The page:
Sony Cyber-Shot DSC-HX200V review
The HX200V is a beast of a camera. It's bristling with big numbers and impressive features, including an 18-megapixel sensor, 30x zoom, articulated 3in screen, electronic viewfinder and GPS. Even the cardboard box is a force to reckoned with, with serrated edges that can slice through human flesh.
Thankfully, the camera itself is much gentler on the hands. The substantial handgrip and contoured back plate are a snug fit, and the shutter button and command dial fall neatly under the thumb and forefinger. The sharp, bright screen tilts up and down rather than around to the side, but with it tilted up at 45 degrees and the left hand controlling the zoom with the lens ring, this camera is really satisfying to use.
The viewfinder is a let-down, though. Its 201,600-dot resolution is considerably courser than the LCD screen's 921,600 dots, and the view is quite small. We'd have preferred for Sony to bump up the price to include the fantastic 2.4-million dot viewfinder that graces the Sony NEX-7, or do without one altogether. We'd also have liked an accessory shoe for flashguns and off-camera flash systems.
In-camera GPS functions can be undermined by the slow time it takes to get a lock after switching on. Sony gets around this with a log function, which keeps a constant record of the camera's position, even when the camera is switched off. It's sensibly limited to a 24-hour period to avoid draining the battery, and it has the added benefit of creating a log file to see the route you travelled. This generates a huge amount of data, recording its coordinates every few seconds whereas other cameras only do so every couple of minutes. However, accuracy was often out by around 100 feet, so the plotted route at www.gpsvisualizer.com looked like it was for a hyperactive dog. The same route as recorded by the Fujifilm Finepix F770EXR was less detailed but ultimately more accurate.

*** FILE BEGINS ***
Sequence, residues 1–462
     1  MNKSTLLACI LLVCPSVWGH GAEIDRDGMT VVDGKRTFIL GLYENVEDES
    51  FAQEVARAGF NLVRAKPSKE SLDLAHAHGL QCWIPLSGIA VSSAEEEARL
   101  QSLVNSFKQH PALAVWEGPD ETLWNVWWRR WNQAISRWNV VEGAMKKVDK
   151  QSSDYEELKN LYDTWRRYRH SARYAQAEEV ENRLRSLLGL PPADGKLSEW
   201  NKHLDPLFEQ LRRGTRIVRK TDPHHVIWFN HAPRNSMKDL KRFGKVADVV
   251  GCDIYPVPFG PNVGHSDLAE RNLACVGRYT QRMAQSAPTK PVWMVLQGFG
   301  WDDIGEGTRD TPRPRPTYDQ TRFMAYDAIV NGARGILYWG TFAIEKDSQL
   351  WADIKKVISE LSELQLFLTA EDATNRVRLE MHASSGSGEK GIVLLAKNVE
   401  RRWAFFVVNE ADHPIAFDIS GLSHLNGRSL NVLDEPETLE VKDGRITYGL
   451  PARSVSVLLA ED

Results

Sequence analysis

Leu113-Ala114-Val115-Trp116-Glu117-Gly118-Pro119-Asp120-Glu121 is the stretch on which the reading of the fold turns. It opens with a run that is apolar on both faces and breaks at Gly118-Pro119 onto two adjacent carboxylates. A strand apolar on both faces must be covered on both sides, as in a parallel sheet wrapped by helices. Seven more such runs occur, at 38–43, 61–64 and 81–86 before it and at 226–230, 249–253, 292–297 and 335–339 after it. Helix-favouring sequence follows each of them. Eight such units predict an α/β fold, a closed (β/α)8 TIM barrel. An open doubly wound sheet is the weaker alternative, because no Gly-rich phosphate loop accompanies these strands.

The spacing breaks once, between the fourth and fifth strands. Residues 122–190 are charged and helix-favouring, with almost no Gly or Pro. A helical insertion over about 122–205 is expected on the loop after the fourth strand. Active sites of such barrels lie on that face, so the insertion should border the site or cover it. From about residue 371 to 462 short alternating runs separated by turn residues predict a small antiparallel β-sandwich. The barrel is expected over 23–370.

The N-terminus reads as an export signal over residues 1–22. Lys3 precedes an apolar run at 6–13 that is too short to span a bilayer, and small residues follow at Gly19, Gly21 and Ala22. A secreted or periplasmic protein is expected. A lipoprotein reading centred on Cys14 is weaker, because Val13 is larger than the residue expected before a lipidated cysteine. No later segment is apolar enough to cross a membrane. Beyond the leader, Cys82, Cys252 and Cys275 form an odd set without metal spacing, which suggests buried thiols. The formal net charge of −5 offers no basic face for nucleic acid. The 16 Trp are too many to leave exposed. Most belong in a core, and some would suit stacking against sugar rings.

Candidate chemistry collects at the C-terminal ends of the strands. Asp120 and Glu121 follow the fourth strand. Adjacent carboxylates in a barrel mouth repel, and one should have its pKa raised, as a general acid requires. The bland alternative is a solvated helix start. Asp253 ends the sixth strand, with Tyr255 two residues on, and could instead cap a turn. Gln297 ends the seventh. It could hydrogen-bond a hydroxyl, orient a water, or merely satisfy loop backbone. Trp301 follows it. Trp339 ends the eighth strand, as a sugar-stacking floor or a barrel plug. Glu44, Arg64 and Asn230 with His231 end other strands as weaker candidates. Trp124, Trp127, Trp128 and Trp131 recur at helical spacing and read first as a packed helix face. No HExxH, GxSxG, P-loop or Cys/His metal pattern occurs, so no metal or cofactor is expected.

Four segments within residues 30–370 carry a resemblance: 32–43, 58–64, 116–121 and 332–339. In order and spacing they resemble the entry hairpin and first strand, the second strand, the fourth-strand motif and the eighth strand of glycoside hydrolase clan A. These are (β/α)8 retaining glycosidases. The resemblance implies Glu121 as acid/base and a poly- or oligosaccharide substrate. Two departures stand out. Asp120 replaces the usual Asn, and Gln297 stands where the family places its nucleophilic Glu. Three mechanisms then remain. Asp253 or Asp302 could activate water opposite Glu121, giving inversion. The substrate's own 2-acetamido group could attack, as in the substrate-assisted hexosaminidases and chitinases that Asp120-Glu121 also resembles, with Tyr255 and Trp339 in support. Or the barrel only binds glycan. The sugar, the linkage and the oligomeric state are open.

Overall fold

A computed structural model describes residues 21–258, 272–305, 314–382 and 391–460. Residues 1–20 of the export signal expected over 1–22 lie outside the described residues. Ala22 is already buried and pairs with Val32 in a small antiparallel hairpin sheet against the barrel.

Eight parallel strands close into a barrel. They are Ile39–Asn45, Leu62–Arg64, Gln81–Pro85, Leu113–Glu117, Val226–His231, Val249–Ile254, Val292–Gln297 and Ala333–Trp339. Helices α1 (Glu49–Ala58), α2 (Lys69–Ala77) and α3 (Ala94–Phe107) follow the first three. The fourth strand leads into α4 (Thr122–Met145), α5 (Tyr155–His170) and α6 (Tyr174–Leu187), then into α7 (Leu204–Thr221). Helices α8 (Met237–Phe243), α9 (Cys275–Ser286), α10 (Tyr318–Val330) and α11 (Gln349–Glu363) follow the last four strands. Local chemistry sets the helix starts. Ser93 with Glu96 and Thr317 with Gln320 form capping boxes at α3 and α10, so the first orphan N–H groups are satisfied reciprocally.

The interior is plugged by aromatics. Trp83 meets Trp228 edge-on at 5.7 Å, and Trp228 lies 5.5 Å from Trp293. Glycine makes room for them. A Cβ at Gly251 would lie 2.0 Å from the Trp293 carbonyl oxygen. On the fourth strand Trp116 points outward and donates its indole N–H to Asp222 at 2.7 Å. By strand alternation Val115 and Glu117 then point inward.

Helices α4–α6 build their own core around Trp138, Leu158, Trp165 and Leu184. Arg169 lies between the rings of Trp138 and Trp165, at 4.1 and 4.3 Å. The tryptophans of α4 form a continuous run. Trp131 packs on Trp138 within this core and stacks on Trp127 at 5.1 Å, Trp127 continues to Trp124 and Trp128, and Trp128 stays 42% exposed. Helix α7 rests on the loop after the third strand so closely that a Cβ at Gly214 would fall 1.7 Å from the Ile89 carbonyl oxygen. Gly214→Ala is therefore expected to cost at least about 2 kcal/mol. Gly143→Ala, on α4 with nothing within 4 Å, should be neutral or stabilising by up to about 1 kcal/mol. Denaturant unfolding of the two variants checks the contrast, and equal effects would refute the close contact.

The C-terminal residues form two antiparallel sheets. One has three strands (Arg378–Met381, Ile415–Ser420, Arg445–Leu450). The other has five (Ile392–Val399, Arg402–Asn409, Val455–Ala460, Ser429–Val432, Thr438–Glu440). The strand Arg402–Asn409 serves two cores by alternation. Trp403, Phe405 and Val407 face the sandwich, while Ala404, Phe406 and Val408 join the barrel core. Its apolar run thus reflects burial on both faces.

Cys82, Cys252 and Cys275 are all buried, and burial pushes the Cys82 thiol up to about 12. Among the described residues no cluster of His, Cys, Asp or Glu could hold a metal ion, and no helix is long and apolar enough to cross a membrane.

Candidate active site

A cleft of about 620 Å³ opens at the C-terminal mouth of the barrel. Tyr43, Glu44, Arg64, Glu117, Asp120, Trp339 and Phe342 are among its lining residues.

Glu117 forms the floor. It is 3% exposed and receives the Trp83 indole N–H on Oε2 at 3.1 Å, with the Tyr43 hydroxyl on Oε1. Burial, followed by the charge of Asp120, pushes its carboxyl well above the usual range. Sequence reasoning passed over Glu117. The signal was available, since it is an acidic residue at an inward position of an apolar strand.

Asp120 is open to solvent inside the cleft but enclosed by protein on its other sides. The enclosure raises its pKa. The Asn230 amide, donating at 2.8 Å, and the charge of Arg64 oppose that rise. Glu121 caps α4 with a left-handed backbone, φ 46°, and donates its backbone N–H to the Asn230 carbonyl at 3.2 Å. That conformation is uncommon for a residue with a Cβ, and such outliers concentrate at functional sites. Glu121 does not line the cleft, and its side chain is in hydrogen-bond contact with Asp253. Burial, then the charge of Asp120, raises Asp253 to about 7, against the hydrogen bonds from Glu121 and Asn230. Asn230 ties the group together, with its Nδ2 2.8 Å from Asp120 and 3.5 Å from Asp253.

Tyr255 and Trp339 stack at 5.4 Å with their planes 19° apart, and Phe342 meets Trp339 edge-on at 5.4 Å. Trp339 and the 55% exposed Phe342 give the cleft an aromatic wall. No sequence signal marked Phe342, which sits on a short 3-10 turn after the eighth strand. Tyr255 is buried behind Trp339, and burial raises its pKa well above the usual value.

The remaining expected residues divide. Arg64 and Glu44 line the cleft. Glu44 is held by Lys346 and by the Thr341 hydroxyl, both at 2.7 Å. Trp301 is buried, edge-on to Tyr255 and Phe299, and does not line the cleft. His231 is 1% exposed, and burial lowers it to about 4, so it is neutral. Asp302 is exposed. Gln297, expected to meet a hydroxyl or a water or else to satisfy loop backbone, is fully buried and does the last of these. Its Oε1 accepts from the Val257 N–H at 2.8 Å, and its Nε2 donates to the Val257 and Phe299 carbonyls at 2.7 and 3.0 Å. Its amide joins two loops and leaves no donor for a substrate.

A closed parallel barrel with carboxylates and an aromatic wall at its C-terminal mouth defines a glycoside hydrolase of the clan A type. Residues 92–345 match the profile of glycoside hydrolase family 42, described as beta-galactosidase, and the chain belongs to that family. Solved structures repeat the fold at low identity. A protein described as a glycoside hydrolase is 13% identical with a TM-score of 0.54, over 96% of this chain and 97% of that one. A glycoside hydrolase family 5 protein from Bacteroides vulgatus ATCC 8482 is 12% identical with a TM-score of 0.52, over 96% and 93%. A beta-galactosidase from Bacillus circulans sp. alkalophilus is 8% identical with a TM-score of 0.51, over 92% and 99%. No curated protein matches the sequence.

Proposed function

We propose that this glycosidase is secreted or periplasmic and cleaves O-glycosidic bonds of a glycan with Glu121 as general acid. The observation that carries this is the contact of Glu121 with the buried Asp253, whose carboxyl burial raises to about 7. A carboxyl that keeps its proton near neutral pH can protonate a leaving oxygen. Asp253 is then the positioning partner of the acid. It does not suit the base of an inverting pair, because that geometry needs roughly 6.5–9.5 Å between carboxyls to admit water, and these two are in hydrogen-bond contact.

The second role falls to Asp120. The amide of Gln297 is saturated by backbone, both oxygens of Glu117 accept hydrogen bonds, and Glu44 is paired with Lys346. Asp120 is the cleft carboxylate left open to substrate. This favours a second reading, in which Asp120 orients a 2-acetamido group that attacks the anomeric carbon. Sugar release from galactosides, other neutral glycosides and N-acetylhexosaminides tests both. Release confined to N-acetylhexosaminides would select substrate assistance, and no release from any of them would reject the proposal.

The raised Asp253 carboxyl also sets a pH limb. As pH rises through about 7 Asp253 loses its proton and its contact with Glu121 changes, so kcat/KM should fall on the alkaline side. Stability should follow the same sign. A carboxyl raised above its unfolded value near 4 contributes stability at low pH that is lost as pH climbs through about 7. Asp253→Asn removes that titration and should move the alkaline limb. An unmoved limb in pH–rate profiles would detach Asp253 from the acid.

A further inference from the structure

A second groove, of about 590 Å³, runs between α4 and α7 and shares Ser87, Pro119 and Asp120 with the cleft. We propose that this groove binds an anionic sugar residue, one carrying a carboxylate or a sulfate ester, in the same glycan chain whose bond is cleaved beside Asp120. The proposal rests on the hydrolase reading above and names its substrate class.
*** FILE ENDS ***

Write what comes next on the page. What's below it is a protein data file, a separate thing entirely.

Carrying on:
There's no shortage of advanced photographic functions, with the camera capturing multiple exposures to reduce noise, create panoramas and capture scenes in 3D. Sony has provided these functions for years, and although its competitors are catching up, it still leads the way. Its Anti Motion Blur mode combines exposures to reduce noise but uses clever processing to avoid ghosting in moving subjects. It's used automatically in low light when Superior Auto is selected on the mode dial.
Priority and manual exposure are available too, and cycling through the exposure-related controls is a simple matter of pushing and turning the command dial. It's a good system once you've found it – we spent a while searching in vain for the ISO speed control in the menu. A dedicated Focus button makes it quick to reposition the autofocus point. There's a custom button that's set to AE lock by default, but can be reconfigured to one of four other functions. Autofocus is responsive, and 1.2 seconds on average between shots is a fine achievement. Continuous shooting is at 10fps or 2fps, but only lasts for 10 frames before taking a seven-second breather.
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